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Salton Sea

Uncategorized / No Comment / November 10, 2017

The endangered Salton Sea is evaporating, leaving behind a toxic storm. The Salton Sea is located southeast of Palm Springs, California and north of Mexicali near the Imperial Valley. This inland sea was created in 1905 by waters flowing from the Colorado River, which historically wandered outside its normal river bed during periods of excessive water flow (floods). However the only source of water to maintain its water level is run-off from the Imperial Valley agricultural area and this water comes laden with salt, silt and a variety of chemical fertilizers and pesticides. The chemical additives become more concentrated as the water evaporates. And evaporation rates are very high in the hot, sunny desert. In 2018, the water that flows to Salton Sea will be cut-off due to the prolonged drought and this will accelerate the shrinkage of the Salton Sea and exacerbate the problem of toxic contamination as thousands of acres of toxic land exposed to the air and wind.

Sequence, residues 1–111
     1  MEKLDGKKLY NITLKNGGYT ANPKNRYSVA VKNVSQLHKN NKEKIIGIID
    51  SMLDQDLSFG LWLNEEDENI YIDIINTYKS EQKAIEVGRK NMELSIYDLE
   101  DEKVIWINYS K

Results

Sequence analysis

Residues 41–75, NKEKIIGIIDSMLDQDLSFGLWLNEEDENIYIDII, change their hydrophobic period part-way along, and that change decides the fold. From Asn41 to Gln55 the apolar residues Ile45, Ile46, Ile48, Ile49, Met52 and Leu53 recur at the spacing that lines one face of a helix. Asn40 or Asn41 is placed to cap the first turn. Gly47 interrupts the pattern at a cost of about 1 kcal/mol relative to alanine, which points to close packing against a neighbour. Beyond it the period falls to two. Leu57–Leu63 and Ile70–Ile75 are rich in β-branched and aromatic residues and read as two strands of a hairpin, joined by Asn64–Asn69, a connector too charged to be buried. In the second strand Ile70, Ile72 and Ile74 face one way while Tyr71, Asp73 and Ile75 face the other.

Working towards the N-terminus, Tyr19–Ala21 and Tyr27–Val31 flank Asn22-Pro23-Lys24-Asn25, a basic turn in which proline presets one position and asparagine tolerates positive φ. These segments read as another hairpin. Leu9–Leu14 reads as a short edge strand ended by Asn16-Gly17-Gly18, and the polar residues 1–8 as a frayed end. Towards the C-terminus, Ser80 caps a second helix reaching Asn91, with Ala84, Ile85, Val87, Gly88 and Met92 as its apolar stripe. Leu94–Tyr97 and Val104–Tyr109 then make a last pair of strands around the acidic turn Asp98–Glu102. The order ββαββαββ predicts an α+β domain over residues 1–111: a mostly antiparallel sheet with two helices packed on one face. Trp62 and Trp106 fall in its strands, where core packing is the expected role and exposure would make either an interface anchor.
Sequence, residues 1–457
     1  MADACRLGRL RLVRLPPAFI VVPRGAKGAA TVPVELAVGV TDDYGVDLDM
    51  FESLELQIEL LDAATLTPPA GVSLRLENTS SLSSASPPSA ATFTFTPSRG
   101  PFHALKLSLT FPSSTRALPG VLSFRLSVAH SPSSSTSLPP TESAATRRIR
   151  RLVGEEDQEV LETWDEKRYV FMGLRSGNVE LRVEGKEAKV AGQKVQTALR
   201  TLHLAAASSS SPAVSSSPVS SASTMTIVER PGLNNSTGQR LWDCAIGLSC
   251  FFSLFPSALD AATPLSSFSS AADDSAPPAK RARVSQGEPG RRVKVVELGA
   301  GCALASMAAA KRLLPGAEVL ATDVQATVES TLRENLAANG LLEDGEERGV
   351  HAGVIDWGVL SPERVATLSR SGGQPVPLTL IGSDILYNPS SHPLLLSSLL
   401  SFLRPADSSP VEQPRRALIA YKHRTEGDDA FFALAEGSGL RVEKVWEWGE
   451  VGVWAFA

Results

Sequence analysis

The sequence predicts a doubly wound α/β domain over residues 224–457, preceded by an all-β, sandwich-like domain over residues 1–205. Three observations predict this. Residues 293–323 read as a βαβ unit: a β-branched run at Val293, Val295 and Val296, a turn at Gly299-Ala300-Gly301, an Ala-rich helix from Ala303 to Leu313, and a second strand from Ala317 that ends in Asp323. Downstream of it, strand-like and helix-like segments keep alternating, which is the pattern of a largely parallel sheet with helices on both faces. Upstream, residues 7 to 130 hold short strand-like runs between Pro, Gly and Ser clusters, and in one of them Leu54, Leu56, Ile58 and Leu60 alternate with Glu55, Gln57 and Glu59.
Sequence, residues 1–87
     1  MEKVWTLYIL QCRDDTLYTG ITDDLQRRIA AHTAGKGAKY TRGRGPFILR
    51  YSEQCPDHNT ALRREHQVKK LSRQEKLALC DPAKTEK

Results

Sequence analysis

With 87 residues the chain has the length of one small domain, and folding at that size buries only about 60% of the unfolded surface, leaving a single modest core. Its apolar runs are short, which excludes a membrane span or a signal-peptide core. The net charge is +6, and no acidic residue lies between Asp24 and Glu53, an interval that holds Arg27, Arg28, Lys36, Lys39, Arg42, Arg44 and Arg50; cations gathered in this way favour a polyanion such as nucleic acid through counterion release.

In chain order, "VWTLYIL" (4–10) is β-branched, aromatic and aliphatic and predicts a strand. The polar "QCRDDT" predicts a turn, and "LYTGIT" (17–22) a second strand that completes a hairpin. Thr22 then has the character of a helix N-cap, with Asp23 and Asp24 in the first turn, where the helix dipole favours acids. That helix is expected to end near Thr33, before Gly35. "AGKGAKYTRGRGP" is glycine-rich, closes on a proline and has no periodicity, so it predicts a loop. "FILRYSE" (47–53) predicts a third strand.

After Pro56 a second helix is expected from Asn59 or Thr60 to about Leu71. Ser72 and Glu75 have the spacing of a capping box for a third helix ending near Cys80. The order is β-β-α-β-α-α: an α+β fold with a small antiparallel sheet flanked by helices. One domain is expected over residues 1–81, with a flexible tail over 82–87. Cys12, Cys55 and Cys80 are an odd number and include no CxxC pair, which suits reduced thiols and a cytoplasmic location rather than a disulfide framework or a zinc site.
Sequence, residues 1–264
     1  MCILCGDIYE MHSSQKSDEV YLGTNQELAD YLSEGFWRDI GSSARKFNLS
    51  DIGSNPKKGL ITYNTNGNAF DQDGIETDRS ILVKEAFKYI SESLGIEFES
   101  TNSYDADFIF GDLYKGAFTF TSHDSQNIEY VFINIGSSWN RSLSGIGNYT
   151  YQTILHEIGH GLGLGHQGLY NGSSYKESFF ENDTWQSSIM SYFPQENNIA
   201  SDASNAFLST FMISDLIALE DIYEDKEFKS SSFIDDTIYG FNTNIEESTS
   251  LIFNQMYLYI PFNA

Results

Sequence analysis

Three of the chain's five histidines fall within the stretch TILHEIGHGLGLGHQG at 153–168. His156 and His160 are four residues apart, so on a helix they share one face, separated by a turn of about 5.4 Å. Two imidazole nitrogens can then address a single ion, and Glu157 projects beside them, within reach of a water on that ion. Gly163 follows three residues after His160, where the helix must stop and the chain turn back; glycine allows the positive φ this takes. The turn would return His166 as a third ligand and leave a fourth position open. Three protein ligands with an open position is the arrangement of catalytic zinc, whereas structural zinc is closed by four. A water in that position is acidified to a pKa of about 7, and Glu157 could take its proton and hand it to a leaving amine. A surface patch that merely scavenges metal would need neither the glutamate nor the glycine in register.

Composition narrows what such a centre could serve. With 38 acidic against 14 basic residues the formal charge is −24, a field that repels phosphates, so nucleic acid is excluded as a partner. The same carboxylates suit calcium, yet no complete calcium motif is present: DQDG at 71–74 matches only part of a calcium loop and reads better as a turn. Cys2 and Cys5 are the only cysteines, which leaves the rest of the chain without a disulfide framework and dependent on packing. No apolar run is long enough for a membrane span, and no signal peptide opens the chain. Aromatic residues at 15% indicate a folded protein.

Sae birds flock to a lone tree, apparently floating in the mysterious haze and waters of California’s Salton Sea, south of Palm Springs.

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